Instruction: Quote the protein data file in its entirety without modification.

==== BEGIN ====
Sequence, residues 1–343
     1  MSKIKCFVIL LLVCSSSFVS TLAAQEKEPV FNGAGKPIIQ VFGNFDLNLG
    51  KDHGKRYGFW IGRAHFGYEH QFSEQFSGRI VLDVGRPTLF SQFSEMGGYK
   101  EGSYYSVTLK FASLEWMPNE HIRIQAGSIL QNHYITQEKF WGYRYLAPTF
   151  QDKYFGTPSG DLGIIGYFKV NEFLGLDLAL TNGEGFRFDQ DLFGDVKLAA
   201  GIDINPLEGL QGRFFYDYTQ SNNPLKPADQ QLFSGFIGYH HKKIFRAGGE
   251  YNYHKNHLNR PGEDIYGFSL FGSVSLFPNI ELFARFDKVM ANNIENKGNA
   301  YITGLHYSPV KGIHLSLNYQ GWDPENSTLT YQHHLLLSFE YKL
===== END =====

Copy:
Sequence, residues 1–343
     1  MSKIKCFVIL LLVCSSSFVS TLAAQEKEPV FNGAGKPIIQ VFGNFDLNLG
    51  KDHGKRYGFW IGRAHFGYEH QFSEQFSGRI VLDVGRPTLF SQFSEMGGYK
   101  EGSYYSVTLK FASLEWMPNE HIRIQAGSIL QNHYITQEKF WGYRYLAPTF
   151  QDKYFGTPSG DLGIIGYFKV NEFLGLDLAL TNGEGFRFDQ DLFGDVKLAA
   201  GIDINPLEGL QGRFFYDYTQ SNNPLKPADQ QLFSGFIGYH HKKIFRAGGE
   251  YNYHKNHLNR PGEDIYGFSL FGSVSLFPNI ELFARFDKVM ANNIENKGNA
   301  YITGLHYSPV KGIHLSLNYQ GWDPENSTLT YQHHLLLSFE YKL